Invest in Cleantech

Invest in Cleantech

Sunday, January 13, 2008

GM, Coskata Partner In Breakthrough Ethanol Technology

GM, Coskata Partner In Breakthrough Ethanol Technology

Process Makes Ethanol from Renewables Including Trash and Old Tires

DETROIT – 2008-01-13 General Motors (NYSE:GM) announced a partnership Sunday with Coskata Inc. to use the company’s breakthrough technology that affordably and efficiently makes ethanol from practically any renewable source, including garbage, old tires and plant waste.

Coskata, which was formally introduced at GM’s opening press conference at the North American International Auto Show, uses a proprietary process that leverages patented microorganisms and bioreactor designs to produce ethanol for less than $1 a gallon, about half of today’s cost of producing gasoline.

“We are very excited about what this breakthrough will mean to the viability of biofuels and, more importantly, to our ability to reduce dependence on petroleum,” GM Chairman and CEO Rick Wagoner said.

Coskata’s process addresses the issues most often raised about grain-based ethanol production.

According to Argonne National Laboratory, which analyzed Coskata’s process, for every unit of energy used, it generates up to 7.7 times that amount of energy, and it reduces CO2 emissions by up to 84 percent compared with a well-to-wheel analysis of gasoline.

Coskata’s process uses less than a gallon of water to make a gallon of ethanol compared to three gallons or more for other processes.

Coskata, based in Warrenville, Ill., can use its technology practically anywhere in the world where a carbon-based feedstock is available.

For GM, this could lead to joint efforts in markets such as China, where growing energy demand and a new energy research center could jumpstart a significant effort into ethanol made from biomass, Wagoner said.

More immediately, GM will receive the first ethanol from Coskata’s pilot plant in the fourth quarter of 2008. The fuel will be used in testing vehicles at GM’s Milford Proving Grounds.

GM is the auto industry leader in offering consumers a choice of flex-fuel cars and trucks that run on E85 – any blend of ethanol and gasoline up to 85 percent ethanol – or gasoline only. GM produces more than 1 million flex-fuel vehicles a year and has 3.5 million on the road globally.

In the U.S., GM has more than 2.5 million FlexFuel vehicles on the road and is committed to making half its production flex-fuel capable by 2012. GM sells 11 E85-capable models this year and will increase that to more than 15 models for the 2009 model year.

GM has worked in partnerships with businesses, university and non-governmental organizations during the past two years to grow the U.S. infrastructure for E85, helping to open 300 fueling stations in 15 states. Helping make the fuel more readily available was the next logical step.

The timing of the GM-Coskata partnership coincides with President Bush’s signing last month of the Energy Independence and Security Act, which calls for a dramatic increase in biofuels – from 7.5 billion gallons in 2012 to 36 billion gallons in 2022. Corn- and other grain-based ethanol are expected to account for up to 15 billion gallons of that new standard with 21 billion gallons coming from cellulosic and biomass sources.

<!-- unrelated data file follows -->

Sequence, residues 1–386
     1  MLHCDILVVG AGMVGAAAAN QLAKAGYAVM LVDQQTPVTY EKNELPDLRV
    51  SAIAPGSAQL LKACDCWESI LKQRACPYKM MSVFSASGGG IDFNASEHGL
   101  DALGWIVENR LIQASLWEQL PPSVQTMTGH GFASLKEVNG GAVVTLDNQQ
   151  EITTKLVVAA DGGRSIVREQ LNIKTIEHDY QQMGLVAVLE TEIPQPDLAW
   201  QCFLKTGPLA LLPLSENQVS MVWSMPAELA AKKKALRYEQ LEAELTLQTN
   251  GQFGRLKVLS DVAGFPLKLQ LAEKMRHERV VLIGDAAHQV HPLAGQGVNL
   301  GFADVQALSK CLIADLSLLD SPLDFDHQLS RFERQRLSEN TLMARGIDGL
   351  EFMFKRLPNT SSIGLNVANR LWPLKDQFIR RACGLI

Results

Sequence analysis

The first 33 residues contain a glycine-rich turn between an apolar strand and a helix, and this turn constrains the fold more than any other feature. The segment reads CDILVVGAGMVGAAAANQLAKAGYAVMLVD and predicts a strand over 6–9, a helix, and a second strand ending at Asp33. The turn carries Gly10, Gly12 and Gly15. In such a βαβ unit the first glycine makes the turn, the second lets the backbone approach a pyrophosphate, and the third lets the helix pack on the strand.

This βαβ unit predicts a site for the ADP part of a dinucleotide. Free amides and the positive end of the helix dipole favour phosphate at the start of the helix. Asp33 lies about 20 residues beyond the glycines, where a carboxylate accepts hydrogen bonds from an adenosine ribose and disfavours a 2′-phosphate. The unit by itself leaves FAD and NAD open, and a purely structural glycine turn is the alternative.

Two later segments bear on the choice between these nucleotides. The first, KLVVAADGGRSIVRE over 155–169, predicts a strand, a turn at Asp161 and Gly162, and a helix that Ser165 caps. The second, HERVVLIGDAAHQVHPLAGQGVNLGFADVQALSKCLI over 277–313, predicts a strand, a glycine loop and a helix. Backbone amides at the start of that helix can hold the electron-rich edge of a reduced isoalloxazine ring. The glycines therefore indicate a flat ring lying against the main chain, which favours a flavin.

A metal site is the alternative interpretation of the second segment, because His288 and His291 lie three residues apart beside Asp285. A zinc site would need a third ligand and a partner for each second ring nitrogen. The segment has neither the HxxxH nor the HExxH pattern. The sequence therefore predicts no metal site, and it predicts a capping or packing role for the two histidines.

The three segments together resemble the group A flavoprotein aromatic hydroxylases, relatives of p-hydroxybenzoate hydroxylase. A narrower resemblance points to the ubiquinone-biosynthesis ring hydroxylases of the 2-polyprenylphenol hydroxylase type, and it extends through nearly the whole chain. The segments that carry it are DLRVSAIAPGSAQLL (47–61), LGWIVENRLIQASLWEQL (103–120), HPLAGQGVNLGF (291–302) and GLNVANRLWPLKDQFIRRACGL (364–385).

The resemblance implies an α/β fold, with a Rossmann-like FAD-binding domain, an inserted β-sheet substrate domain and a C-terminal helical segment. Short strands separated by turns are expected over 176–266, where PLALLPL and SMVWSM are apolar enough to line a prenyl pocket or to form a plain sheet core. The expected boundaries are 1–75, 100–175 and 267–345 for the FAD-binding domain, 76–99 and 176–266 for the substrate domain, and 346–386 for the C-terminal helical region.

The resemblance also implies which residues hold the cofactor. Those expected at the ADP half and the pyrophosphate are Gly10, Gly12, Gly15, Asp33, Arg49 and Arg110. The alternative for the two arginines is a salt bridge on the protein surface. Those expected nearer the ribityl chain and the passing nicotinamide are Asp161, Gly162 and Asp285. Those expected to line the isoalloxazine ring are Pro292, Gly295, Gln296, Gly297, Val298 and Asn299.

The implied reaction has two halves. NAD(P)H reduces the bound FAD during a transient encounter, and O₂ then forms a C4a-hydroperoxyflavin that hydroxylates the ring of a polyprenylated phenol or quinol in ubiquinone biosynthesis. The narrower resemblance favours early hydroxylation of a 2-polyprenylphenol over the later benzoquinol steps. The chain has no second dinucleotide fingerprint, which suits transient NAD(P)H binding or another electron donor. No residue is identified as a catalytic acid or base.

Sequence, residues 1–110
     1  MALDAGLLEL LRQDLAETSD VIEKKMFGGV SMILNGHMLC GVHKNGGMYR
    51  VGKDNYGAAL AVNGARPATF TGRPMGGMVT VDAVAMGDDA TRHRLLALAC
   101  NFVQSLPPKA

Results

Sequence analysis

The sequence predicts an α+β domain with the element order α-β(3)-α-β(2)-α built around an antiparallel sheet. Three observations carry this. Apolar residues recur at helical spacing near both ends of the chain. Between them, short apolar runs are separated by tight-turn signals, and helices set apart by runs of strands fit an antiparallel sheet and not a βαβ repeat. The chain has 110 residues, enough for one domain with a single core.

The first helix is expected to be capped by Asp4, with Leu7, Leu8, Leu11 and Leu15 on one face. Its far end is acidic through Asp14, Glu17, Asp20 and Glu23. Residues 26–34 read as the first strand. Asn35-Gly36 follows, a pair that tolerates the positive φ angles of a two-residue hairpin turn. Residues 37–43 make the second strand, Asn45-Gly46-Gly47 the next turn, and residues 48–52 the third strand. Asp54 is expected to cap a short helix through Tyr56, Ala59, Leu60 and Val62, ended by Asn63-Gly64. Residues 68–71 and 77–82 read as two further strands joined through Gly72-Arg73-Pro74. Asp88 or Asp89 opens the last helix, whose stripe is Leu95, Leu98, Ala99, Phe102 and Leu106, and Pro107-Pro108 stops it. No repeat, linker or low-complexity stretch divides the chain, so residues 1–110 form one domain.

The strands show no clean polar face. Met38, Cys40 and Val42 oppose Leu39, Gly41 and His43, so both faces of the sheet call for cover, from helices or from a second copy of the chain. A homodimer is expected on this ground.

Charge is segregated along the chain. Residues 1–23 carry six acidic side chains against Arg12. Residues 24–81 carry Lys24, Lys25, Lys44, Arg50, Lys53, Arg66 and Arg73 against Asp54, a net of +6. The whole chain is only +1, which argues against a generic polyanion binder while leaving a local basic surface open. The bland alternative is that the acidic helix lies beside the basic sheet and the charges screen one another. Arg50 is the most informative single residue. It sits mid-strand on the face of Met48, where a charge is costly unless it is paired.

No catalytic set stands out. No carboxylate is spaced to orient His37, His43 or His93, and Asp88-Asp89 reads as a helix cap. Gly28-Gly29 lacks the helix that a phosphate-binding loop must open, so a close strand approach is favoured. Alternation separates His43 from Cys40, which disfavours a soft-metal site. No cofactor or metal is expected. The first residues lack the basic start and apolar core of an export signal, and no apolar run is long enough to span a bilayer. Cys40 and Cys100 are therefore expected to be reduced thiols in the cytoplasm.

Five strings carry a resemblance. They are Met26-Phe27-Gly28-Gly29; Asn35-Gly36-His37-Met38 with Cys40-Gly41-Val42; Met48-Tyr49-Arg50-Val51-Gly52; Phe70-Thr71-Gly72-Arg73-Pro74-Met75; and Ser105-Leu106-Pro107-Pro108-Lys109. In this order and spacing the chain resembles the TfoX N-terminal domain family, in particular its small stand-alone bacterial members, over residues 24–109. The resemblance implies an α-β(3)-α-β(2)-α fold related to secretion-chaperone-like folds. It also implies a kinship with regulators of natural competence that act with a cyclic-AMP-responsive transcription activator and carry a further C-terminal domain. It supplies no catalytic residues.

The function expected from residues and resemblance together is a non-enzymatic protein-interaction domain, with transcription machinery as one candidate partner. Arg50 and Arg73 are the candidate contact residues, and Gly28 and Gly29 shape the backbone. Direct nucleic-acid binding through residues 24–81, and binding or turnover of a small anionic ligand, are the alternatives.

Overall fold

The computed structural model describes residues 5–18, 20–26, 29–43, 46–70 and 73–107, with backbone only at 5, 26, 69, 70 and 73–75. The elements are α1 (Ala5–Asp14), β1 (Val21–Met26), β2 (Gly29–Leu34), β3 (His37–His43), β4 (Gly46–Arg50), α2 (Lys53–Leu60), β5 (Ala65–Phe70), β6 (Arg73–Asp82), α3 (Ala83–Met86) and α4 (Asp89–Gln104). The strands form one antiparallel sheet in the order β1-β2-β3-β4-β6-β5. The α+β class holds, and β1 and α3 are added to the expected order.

One of the criticisms of cellulosic ethanol is that its development is several years away. Coskata CEO and President Bill Roe said the next generation ethanol is here today.

“We will have our first commercial-scale plant making 50 to 100 million gallons of ethanol running in 2011, and that includes the two years it will take to build the plant,” Roe said. “Success in delivering on our business plan means that we could account for a significant portion of the biomass ethanol mandated in the new Renewable Fuels Standard within 10 years.”

The partnership includes an undisclosed equity stake for GM, joint research and development into emissions technology and investigation into making ethanol from GM facilities’ waste and non-recyclable vehicle parts.

The Coskata partnership builds on a quarter century of GM research into biofuels and is part of GM’s five-fold approach to providing energy alternatives for automobiles. These include continued efforts in making fuel-efficient engines; E85 ethanol; hybrids; electrically driven vehicles and hydrogen fuel cells.

“There is no question in my mind that making ethanol more widely available is absolutely the most effective and environmentally sound solution,” Wagoner said. “And it’s one that can be acted on immediately.”

About GM
General Motors Corp. (NYSE: GM), the world’s largest automaker, has been the annual global industry sales leader for 76 years. Founded in 1908, GM today employs about 274,000 people around the world. With global headquarters in Detroit, GM manufactures its cars and trucks in 35 countries. In 2006, nearly 9.1 million GM cars and trucks were sold globally under the following brands: Buick, Cadillac, Chevrolet, GMC, GM Daewoo, Holden, HUMMER, Opel, Pontiac, Saab, Saturn, Vauxhall and Wuling. GM’s OnStar subsidiary is the industry leader in vehicle safety, security and information services. More information on GM can be found at

About Coskata
Coskata is a biology-based renewable energy company for economies dependent on oil. Using proprietary microorganisms and transformative bioreactor designs, the company will produce ethanol for under $1 per gallon (USD) almost anywhere in the world, from a wide variety of input materials. Founded in 2006 by leading renewable energy investors and entrepreneurs, including Khosla Ventures, GreatPoint Ventures and Advanced Technology Ventures, Coskata has compiled a strong IP portfolio of patents, trade secrets and know-how and assembled a first-class team for the development and commercialization of its compelling syngas-to-ethanol process
technology. For more information, please visit

No comments: